No good deed goes unpunished. That's the epitaph a bitchy queen might inscribe on the tombstone of Dr. Emery Lane, a leading gay health advocate in Louisville, Kentucky, who was murdered last week. His housekeeper found his body a day after he had been beaten to death, the Courier-Journal, a local newspaper, reported. One of the two suspects charged in the murder is an ex-con whom Lane had helped for many years and even mentioned in his will.
The brutal killing of the affluent, genteel, quietly pioneering 75-year-old gay man was not a sex crime, to clear that up right off the bat. Only hours after learning of the crime, police spotted Lane's 2004 green Jaguar XJR in the parking lot of a Louisville apartment building occupied by Gene Raymond Miller, 39. Lane's wallet was found in the car, as were illegal drugs. Miller and another ex-con, Bennett Shaw Bilbrey, 42, were nabbed inside the building.
Lane was a retired pulmonary doc and University of Kentucky Medical School professor who left a legacy of good works extending well beyond the Kentucky capital's gay community. For many years he treated Appalachian coalminers suffering from black-lung disease, which sparked what became an enduring interest in health activism. He testified in many lawsuits on behalf of miners suing the coal industry. When AIDS hit in the early '80s, Lane helped found the Community Health Trust, a nonprofit service agency for the LGBT and HIV communities. He also served as its president.
It was, by all accounts, Lane's determined compassion and charity that led him to his death. Lane befriended the sketchy Miller in the late '90s through a prison pen-pal program while Miller was doing time for assault, domestic violence, and other crimes. Lane, who had no family and lived alone, gradually assumed greater and greater responsibility for Miller. When Miller got married, Lane bought him and his wife, Nicole Miller, a house and paid many of their bills. He gave toys and clothes to their children, one of whom was named after him. He even once sprang for a Florida vacation for the couple's anniversary.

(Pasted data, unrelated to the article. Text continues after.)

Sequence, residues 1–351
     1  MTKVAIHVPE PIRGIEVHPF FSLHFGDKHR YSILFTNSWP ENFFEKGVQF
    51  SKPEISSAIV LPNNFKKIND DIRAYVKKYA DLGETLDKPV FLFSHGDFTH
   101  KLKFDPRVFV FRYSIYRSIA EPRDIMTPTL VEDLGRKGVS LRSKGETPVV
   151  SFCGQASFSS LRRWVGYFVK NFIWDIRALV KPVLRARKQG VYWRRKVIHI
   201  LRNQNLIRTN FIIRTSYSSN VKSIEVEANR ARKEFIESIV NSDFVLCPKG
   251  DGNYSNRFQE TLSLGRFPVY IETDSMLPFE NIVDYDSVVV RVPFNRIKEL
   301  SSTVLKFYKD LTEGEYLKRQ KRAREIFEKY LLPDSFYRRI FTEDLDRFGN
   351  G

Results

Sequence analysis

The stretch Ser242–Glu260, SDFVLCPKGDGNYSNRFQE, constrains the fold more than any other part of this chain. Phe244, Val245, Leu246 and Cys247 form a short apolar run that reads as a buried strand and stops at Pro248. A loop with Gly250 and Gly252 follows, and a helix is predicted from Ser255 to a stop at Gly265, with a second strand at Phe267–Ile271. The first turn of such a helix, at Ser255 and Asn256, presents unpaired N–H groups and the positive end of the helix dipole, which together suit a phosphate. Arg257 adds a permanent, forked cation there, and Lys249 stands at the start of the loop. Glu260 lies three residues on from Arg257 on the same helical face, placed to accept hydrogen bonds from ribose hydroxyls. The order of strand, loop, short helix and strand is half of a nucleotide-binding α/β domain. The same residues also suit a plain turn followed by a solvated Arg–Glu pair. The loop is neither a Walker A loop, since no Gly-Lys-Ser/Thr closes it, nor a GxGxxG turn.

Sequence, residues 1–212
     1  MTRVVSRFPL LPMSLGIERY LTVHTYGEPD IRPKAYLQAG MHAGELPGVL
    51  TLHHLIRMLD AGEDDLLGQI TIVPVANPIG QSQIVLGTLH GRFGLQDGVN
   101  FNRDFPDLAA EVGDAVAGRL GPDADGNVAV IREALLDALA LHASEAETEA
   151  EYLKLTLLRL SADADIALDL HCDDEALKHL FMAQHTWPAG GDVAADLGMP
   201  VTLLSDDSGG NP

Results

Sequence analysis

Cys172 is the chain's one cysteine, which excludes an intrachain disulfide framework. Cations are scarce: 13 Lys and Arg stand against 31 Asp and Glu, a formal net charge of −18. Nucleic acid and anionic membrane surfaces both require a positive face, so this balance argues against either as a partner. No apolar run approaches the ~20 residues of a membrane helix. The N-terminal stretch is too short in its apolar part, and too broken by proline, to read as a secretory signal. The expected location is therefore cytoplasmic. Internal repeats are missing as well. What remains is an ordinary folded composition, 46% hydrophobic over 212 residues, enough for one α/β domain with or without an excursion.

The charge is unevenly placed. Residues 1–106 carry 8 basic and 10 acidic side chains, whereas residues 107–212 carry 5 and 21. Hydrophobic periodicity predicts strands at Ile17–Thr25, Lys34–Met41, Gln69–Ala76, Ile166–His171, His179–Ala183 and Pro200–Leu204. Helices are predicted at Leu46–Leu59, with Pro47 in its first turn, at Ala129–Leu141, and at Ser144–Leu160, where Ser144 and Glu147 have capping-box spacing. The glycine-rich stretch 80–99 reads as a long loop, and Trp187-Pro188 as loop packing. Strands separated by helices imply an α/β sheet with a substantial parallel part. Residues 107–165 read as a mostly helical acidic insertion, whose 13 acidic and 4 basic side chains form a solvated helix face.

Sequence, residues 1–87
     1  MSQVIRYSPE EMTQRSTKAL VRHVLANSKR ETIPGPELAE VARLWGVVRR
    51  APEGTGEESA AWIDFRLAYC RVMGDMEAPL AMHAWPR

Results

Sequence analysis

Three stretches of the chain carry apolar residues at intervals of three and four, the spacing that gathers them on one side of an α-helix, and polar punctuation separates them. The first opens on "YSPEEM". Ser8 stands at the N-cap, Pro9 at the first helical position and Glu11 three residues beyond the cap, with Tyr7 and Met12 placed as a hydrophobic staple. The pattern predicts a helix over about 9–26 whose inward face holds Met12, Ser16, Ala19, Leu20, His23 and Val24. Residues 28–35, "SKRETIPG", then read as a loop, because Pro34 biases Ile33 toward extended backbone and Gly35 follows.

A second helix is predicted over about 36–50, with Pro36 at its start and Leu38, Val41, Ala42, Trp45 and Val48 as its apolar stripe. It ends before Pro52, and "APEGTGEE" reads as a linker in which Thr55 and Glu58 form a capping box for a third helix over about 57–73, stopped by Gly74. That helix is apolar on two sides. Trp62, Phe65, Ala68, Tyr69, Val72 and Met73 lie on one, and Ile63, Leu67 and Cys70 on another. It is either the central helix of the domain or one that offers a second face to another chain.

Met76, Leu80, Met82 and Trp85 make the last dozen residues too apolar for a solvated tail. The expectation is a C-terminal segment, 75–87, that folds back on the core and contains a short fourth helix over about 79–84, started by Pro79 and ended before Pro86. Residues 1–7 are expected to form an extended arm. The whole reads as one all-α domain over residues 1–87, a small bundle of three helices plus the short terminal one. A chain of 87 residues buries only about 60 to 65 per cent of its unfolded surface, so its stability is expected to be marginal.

"Emery spent seven years trying to help Gene turn his life around," Nicole Miller told Wave 3, a local TV news channel. "He was like family to us. When he hung up the phone, we said 'I love you' to each other."
According to Nicole Miller, it was some time after she divorced her husband—"because he had a cocaine habit"—that the arrangement started to unravel. Lane initially continued bankrolling the entire family but in recent months had apparently begun to lose patience with Gene Miller. "Emery was tired of it, you know?" she said, adding that her best guess is that the doctor had stopped giving Gene Miller money and that Miller—in a shakedown, in revenge, or for some other reason—killed him.
"It don't make no sense. Why would he do that to somebody that's so good to him?" Nicole Miller said. "Now my children have lost two people: their father—and a man they loved like a grandfather."
Gene Miller and Bennett Bilbrey have been charged with murder, robbery, and other crimes. They may face the death penalty.